Hunting of small game birds in France
by Marit de Haan, 5 January 2020
In our fields we occasionally spot pheasants, partridges and quails ..... We almost never see them in summer, but mostly in winter when they come to look for food. Most of these animals were raised on farms in the Vendée near to us. There are many: 14 only in the Vendée (imagine how many there are in the whole of France) according to this list. https://www.pecheretchasser.com/chasse/chasser/les-eleveurs-gibiers/gibiers-85-vendee/ This list is not complete however. There are many more. This video shows what they do....
According to the ONCFS's (the French authority for the environment/hunting) documentation on the pheasant more than 3 million individuals are hunted / killed per year across the whole of France. "A significant part of those killed comes from birds that have been released (several MILLIONS a year)." So the pheasants that you see in your garden are very probably not wild. And the breeding conditions are deplorable.... http://www.oncfs.gouv.fr/IMG/pdf/Eclairage-Faisan-Web.pdf
A pheasant breeder for hunting testifies:
"The chicks were born in a farm in the Vendée, overnight just before being delivered by truck to my farm, so they were less than a day old. They were put in buildings with a monitored temperature. Gas-heaters were suspended from the ceiling so that the chicks could gather underneath. They had water in drinkers. Powder with antibiotics was added.
The pheasants were fed with granules supplemented with antibiotics. These foods were supposed to be supplied only by a veterinarian, but the hunters obtained their supplies directly from the manufacturer. It was only while growing that the pheasants also received seeds, always with cures of vitamins and dewormers.
My job was to monitor the temperature in the buildings, add sawdust if necessary. I did not clean the buildings because the hunters did, to my great regret because they entered without health precautions. Despite their mockery, I installed footbaths to disinfect the boots, because there was an enormous mortality with my predecessors, because of the infections which circulate from one building to another.
I had opened a pharmacy to treat injured pheasants because they are very aggressive with each other because of their high concentrations in the buildings. They can at least damage the plumage. But for hunters, the quality of the plumage is not important. "
"10% of the birds died. Before my arrival, it was much worse, it was an eyesore. There was no surveillance. It was because of the mortality rate that the president of the hunting society added a second batch of 1000 additional pheasants to be raised. "
Association One Voice published a survey this September 2019 on game farms. It highlights the conditions in which pheasants and partridges are kept for hunting in four French farms, including one in Les Herbiers (Vendée).
One Voice considers the "inept and cruel system at all levels", adding: "The logic is industrial: artificial insemination and automated sorting chains for chicks born in incubators, far from their parents. At an early age, the birds will live in the dark for weeks (darkness limits attacks in concentrations of animals growing on the ground, up to 50 per m2). At the juvenile stage, a plastic beak will have to be fitted against physical damage in these highly overcrowded farms. Pain from perforation of the nasal septum, discomfort in swallowing, are sometimes fatal. "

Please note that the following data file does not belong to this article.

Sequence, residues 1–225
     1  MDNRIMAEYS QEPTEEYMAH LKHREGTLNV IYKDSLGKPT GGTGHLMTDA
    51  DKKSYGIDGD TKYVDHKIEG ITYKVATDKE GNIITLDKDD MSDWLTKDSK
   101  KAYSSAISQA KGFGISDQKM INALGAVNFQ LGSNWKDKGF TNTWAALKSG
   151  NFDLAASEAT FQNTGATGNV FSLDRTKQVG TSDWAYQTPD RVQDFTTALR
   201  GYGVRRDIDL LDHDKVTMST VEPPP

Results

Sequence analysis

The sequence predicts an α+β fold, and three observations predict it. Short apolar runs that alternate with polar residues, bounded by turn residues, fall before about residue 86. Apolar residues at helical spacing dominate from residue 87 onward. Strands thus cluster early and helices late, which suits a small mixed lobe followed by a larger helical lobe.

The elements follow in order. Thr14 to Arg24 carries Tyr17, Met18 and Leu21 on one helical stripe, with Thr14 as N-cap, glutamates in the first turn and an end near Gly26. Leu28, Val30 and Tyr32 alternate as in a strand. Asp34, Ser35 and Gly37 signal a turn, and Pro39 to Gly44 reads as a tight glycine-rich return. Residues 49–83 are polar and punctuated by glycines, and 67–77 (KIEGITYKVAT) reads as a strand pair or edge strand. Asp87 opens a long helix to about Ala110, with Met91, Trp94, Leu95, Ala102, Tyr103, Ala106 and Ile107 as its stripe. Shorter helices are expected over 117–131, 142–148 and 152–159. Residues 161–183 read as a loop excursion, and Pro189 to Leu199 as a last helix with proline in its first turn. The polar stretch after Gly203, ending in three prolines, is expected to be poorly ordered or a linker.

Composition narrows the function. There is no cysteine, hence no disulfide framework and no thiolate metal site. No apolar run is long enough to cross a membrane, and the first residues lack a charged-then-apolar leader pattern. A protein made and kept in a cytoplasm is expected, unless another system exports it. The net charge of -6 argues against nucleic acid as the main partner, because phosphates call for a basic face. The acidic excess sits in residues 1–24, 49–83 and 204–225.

"The human presence is tenuous, the birds are left to themselves in a universe without enrichment, with automated and chemical feeding. The grass has long since disappeared under the incessant back and forth movements of pheasants driven mad by captivity. The earth is bare, surrounded by wire mesh lined with protective nets. Throwing themselves against the wire mesh is useless, but it is their main activity. The worst off are the breeding males, who will not leave their hutch or aviary after two or three years of service, first and last flight… "
"The birds ... will be released after at least 15 weeks of industrial farming, and therefore are unable to survive in the wild! Faced with predators, cars, food difficulties, diseases and of course the rifles which are waiting for them, their life expectancy is very limited. "
According to the ONCFS, survival is 40 to 80% in young birds under 10 weeks, in adults about 50% over a year (obviously because of hunting and trapping among others). A pheasant in captivity can live between 11 and 18 years.
According to different sources, more than 10 million pheasants are released annually. This explains why they are hunted in all departments. This also explains why the cliché "pheasant = shooting game" still has a hard life with hunters, and especially the general public. (ONCFS)
And according to ASPAS 1 in 4 pheasants killed in the hunt comes from a farm:
In this last document of ASPAS you will find even more information on the breeding, the catching, the transportation, the release and hunting of small game like pheasants, partridges, quails etc in France. These two photos below are on the methods of catching and releasing these animals and come from this report.
Let's go back to these poor birds in our back yard. We follow them on camera's, we feed them, we protect them from hunters. Our land is an ASPAS refuge so hunting in or around our property is not allowed (for more information see here: https://www.aspas-nature.org/campagnes/contre-les-derives-de-la-chasse/interdire-la-chasse-chez-soi- refuge/). We advise you to do the same ..... Give them food, water in summer, protect them. If you find any in distress call a good animal rescue association. And together let's stop hunting in France, starting with a ban of hunting on Sunday. So please sign this petition: